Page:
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President Barack Obama’s pitch for $1.6 trillion in new tax revenue from the wealthy has Republican leaders demanding major entitlement cuts even as they face the potential for a revolt among conservatives.
A defiant group of conservative GOP lawmakers said Wednesday that it would oppose raising revenue in a deal to avert the fiscal cliff unless it came from economic growth.
So any deal will likely come from the unknown quantity of Republicans in both chambers who have expressed a willingness to negotiate — and they’re demanding steep cuts to Medicare and other entitlements.
Obama reiterated his demand for higher tax revenue on the wealthy at his first post-election press conference Wednesday, claiming a mandate to help the middle class while also saying he was prepared to make the tough decisions on trimming entitlement programs.
“I want a big deal. I want a comprehensive deal,” he said ahead of talks Friday with congressional leaders on resolving the fiscal cliff.
But he expressed skepticism about GOP proposals to find new revenue without raising tax rates on people making more than $250,000.
“It’s very difficult to see how you make up that trillion dollars ... just by closing loopholes and deductions,” Obama said.
He also rejected the idea of using dynamic scoring — assuming faster growth from lower rates — and said he didn’t want to be caught down the line in a situation where the wealthy escape paying higher taxes and the middle class loses out.
Still, Obama said he would be willing to listen to what Republicans offer Friday.
“I’m not going to just slam the door in their face,” he said, adding that he was “very eager” to do tax reform to make the code more efficient.
Obama’s remarks didn’t immediately signal detente with the GOP.
Ways and Means Chairman Dave Camp dismissed the president’s demand to let the tax cuts for the wealthy expire.
“We don’t have time to waste on offers that are going nowhere,” the Michigan Republican said, suggesting broad tax reform as the solution.
Republicans also repeatedly demanded the president put forward a specific plan to deal with the entitlements in the long term — something he has not done so far.
“Additional revenue should be tied to the only thing that will save the country in the long run, and that is reforming entitlements,” Senate Minority Leader Mitch McConnell, R-Ky., said.
Tennessee Sen. Lamar Alexander, one of the GOP lawmakers who has been pushing hard for a grand bargain, underscored McConnell’s point: “The president has said how much revenue he wants. Let’s hear him be as specific about how he’s going to change the entitlement programs to keep the country from going bankrupt. ... Where’s the Obama plan?”
Depending on how many votes they may represent, conservatives appear to be the largest obstacle so far to the efforts of Obama and Speaker John A. Boehner of Ohio to reach a deal.
“We will fight any member in our conference that decides this is a good time to raise taxes,” Rep. Raúl R. Labrador said.
Still, the Idaho Republican said that if presented with a deficit reduction plan of $10 in spending cuts for every $1 in tax increases, “I would probably consider that deal.” Obama backs a proposal involving $2.50 in spending cuts for every dollar of new revenue.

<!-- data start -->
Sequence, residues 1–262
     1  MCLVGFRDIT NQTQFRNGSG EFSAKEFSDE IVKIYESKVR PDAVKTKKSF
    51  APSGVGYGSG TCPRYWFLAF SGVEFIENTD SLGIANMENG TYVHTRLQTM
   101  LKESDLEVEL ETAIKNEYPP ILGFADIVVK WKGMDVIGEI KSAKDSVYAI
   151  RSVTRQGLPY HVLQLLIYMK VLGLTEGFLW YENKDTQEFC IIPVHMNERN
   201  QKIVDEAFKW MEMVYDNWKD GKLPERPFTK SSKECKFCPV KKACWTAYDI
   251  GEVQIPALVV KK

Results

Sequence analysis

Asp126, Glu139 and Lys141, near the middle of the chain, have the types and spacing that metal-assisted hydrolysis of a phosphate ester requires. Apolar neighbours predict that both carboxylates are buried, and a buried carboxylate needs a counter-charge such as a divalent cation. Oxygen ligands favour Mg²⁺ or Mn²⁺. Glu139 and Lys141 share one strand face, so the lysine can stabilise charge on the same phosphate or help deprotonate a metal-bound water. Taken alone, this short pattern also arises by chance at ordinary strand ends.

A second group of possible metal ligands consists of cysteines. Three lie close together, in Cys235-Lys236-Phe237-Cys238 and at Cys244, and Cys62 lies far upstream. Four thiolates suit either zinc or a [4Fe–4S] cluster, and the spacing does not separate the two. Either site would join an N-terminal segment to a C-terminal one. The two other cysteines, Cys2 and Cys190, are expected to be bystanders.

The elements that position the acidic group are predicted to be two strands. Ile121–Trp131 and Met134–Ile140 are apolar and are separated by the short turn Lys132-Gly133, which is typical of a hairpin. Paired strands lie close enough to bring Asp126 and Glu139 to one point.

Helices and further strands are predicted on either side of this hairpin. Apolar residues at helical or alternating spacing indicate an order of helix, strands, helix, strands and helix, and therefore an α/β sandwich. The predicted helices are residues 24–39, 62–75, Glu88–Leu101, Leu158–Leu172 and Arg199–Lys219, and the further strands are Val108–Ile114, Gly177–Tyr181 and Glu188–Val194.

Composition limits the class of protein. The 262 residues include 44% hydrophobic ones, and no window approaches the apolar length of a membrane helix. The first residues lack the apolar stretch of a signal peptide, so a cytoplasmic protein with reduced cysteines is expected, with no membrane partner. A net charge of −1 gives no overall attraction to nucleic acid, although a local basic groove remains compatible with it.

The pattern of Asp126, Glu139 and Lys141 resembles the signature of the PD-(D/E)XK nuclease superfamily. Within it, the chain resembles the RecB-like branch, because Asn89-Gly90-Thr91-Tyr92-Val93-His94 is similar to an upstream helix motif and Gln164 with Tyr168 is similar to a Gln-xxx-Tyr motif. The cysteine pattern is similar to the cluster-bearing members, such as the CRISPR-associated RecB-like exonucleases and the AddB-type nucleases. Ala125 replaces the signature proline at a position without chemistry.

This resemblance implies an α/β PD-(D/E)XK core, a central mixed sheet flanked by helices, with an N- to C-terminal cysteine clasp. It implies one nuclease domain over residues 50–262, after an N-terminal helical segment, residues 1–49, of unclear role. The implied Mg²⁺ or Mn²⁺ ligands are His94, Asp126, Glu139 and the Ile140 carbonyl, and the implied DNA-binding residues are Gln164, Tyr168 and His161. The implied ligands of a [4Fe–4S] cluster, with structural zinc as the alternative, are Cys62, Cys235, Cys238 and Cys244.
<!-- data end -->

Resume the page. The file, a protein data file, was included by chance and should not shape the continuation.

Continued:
That’s a big gap, yet it actually marks some movement from the conservative wing, which outright rejected even that equation during last year’s debt ceiling confrontation and pressed Republican presidential candidates during the primaries to reject that sort of trade.
Boehner has made keeping the rates from going up his bottom line, believing he can sell other revenue increases that would have been unthinkable in the GOP before the elections but now appear likely given Obama’s veto threat.
As Obama noted repeatedly Wednesday, taxes will go up on everyone unless Republicans agree to extend tax cuts for the middle class now.
Boehner also made moves to expand his reach to the entire caucus during the upcoming negotiations by naming Camp, Budget Chairman Paul D. Ryan of Wisconsin and Energy and Commerce Chairman Fred Upton of Michigan to daily management meetings with the rest of the House GOP leadership, a Boehner spokesman said Wednesday.
As negotiations over the fiscal cliff begin in earnest on Friday at the White House, Boehner is likely to find that keeping the House GOP Conference united will only become more difficult, as many conservatives remain unbowed by the Democrats’ victory at the polls.
“I don’t think we lost by being too conservative and articulating our principles too clearly. I think it was actually the opposite,” said Rep. Tim Huelskamp of Kansas.
Democrats were cheered by Obama’s approach and his push for $1.6 trillion in revenue — double the level he discussed in 2011 as part of a failed deal with Boehner.
“The president has gotten off to a great start,” Sen. Charles E. Schumer said. The New York Democrat cited polls showing 60 percent of voters back eliminating the tax breaks for people making more than $250,000 a year, “so we are sticking to it,” he said.
Obama said his position on extending the Bush tax cuts for the wealthy is not new and was repeatedly argued on the campaign trail. “This shouldn’t surprise anybody,” he said. And he cited polls showing that an even greater majority back his position on the tax cuts than voted for him.
Though Democrats said they were largely pleased with president’s starting position, there could be trouble on the horizon. By Wednesday night, a group of at least 13 Senate Democrats were planning to send a letter to Obama asking him to push for a 1-to-1 ratio of revenue to spending cuts, among other things.
Paul M. Krawzak and Humberto Sanchez contributed to this report.